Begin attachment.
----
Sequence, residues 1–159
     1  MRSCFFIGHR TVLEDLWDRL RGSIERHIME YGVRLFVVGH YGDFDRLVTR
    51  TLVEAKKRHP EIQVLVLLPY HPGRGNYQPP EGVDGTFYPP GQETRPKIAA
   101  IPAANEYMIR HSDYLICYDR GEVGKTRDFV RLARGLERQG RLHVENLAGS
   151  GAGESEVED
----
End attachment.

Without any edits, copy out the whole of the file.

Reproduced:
Sequence, residues 1–159
     1  MRSCFFIGHR TVLEDLWDRL RGSIERHIME YGVRLFVVGH YGDFDRLVTR
    51  TLVEAKKRHP EIQVLVLLPY HPGRGNYQPP EGVDGTFYPP GQETRPKIAA
   101  IPAANEYMIR HSDYLICYDR GEVGKTRDFV RLARGLERQG RLHVENLAGS
   151  GAGESEVED